In order to create a biodiversity inventory, it was important for the students in our course not only to learn about the taxonomic biodiversity of Passamaquoddy Bay, but also to grasp how this biodiversity can be assessed in the field--within the time constraints of an academic course. With basic field gear such as robber boots, forceps, nets, buckets, shovels, sieves, and collection jars, the students surveyed the diversity of the various intertidal environments. Different sampling strategies, such as transects and plots, were utilized to more systematically cover the area sampled, and for this, students used a tape measure and poles to map out the sampling plot. Because the richness of the students' experiences during a biodiversity course is dependant on unveiling this diversity, finding a successful sampling strategy is pivotal. Discussions and empirical testing of different strategies may be useful for increasing the students' understanding of diversity inventories. For example, insufficient sampling effort and equipment bias may obscure the impressions of the actual diversity. Discussions of the effect of sampling strategies on apparent diversity are numerous in the literature (e.g., Gray, 2000; Stockwell & Peterson, 2002).
There are a variety of ways to fix and preserve specimens. Absolute (100%) ethanol was used here for preserving specimens meant for DNA sequencing because the high percentage of ethanol helps ensure that genetic material can be successfully extracted in the laboratory However, it has been suggested that absolute ethanol should not be used for preserving some taxa (e.g., zooplankton; http://www.cmarz.org/). Instead, a lower-alcohol-content preservative (e.g., 95%) is used, and this may also be advisable when preserving other taxa (see Dawson et al., 1998). Formalin can be used to preserve specimens for collection purposes and morphological analyses, but genetic material cannot be extracted from these specimens. Formalin, ethanol, and RNA later can be obtained from any biology supply catalogue. Parasites and various types of small organisms can be fixed, stained, and cleared on glass slide mounts for viewing internal morphology. Preservation of identified organisms is necessary for all specimens that are intended for DNA sequencing and, in addition, preserved specimens can be used for teaching purposes within the classroom. Identification of organisms collected in the field was based on detailed regional field guides for marine life that are catalogued at the research station (e.g., Smith, 1964; Gosner, 1971; Bromley & Bleakney, 1985).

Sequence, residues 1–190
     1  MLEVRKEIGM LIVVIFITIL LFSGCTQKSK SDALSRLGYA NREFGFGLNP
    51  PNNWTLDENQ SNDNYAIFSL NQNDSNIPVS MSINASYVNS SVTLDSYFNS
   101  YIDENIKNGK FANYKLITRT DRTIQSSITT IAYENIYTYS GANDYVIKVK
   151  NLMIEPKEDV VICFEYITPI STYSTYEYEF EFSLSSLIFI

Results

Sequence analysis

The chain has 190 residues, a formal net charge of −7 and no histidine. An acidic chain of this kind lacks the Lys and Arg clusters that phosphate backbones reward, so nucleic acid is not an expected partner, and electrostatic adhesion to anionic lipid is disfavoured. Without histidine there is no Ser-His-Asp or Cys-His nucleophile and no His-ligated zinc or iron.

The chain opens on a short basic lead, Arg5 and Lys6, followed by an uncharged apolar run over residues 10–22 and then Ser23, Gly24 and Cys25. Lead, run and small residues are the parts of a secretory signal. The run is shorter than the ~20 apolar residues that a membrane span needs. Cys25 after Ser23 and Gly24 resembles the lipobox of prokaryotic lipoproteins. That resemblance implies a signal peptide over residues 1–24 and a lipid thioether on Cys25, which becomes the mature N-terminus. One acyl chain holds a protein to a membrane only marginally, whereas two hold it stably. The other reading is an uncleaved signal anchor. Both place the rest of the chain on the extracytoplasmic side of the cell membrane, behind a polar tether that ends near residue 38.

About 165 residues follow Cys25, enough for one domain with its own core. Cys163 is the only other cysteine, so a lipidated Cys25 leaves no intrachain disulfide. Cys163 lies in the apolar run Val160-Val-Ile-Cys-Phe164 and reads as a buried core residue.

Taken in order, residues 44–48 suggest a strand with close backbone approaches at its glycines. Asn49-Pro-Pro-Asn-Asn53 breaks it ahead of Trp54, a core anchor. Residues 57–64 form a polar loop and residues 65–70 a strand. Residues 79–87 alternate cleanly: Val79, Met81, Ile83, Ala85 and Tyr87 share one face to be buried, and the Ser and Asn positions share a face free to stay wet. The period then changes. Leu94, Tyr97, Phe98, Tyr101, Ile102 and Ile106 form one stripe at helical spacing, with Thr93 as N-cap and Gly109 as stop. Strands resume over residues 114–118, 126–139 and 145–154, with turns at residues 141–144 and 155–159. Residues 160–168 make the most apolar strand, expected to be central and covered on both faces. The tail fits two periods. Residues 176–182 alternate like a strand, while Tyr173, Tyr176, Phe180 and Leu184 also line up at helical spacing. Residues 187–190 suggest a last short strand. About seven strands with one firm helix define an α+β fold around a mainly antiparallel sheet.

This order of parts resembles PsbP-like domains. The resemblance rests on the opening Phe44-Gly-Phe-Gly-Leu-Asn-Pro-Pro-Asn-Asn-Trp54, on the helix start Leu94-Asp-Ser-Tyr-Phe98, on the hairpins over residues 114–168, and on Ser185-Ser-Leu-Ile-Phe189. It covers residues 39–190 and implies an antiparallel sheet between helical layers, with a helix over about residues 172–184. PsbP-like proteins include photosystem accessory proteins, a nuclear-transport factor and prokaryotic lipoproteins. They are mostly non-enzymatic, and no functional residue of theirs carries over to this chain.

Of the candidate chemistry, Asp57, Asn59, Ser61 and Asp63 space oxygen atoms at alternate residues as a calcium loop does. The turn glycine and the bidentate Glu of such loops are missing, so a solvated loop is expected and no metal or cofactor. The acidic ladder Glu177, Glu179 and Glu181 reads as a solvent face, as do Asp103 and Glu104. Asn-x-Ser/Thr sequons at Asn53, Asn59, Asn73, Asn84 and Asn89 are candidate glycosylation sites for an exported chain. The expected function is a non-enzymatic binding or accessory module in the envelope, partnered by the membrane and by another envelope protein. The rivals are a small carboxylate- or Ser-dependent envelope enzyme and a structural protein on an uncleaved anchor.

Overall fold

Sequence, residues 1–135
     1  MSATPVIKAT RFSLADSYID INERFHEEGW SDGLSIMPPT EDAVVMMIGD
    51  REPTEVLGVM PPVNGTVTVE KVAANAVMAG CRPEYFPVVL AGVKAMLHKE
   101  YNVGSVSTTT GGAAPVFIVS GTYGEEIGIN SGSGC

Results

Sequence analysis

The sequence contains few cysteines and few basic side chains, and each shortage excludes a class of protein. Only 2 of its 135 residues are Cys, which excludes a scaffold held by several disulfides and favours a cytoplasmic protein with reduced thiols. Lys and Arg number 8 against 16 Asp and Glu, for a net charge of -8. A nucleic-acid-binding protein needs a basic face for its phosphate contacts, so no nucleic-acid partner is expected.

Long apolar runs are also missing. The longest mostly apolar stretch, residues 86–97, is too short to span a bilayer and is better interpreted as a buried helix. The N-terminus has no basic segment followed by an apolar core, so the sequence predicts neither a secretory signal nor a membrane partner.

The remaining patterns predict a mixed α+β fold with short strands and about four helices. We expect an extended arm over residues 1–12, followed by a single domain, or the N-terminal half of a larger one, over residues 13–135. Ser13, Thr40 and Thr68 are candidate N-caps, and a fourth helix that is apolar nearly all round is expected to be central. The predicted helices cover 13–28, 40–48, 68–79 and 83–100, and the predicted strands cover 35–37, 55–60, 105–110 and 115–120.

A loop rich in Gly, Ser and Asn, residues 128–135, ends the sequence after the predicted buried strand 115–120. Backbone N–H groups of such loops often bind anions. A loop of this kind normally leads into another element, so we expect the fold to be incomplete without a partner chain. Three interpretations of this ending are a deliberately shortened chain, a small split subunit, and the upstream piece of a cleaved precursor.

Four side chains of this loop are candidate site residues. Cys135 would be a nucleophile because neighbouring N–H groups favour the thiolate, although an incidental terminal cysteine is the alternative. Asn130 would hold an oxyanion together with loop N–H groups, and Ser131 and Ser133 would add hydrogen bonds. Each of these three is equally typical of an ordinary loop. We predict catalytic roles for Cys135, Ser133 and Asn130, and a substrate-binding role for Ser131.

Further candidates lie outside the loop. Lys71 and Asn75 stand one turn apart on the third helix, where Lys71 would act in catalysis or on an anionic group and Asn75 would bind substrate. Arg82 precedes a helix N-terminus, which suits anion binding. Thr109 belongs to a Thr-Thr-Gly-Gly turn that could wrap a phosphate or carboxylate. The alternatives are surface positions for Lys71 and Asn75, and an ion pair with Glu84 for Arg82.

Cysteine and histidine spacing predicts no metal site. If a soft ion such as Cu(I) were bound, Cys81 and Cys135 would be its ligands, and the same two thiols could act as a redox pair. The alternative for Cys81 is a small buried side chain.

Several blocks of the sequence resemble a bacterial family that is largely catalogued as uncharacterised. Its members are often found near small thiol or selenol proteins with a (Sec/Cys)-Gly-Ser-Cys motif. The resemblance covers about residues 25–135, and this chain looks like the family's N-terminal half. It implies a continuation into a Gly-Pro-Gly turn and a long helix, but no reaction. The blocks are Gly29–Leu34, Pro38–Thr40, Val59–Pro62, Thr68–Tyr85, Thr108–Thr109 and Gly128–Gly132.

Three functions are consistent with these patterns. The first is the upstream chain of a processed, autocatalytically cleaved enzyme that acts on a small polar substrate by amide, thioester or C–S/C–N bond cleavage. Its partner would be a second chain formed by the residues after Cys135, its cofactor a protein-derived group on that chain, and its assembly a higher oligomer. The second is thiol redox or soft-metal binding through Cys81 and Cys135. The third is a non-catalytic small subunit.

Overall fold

Parasites, too, can be part of the biodiversity survey, and these are easily found when dissecting and examining the intestines of ray-finned fishes and skates and when performing blood smears on microscope slides. This is an example of an unexpected unit of study that can be presented to students to demonstrate that there is considerably more diversity in the marine realm than meets the eye.
The scope of morphological adaptations that can be found by the students provides a great setting in which to introduce them to the evolution of life and form. A unit describing the taxonomy, life history, and evolutionary position of each marine phylum helps the students begin to understand how organisms found in the bay can illustrate some of the evolutionary transitions that these forms of life have undergone. For example, the presence of sea squirts in Passamaquoddy Bay permits the students to study tunicates (phylum Chordata), which are related to all later vertebrates, including humans. Constructing such lessons for all the collected phyla gives the students an evolutionary context for the organisms they are finding and help them comprehend the tree of life before they create their own hypothesis with the gathered specimens.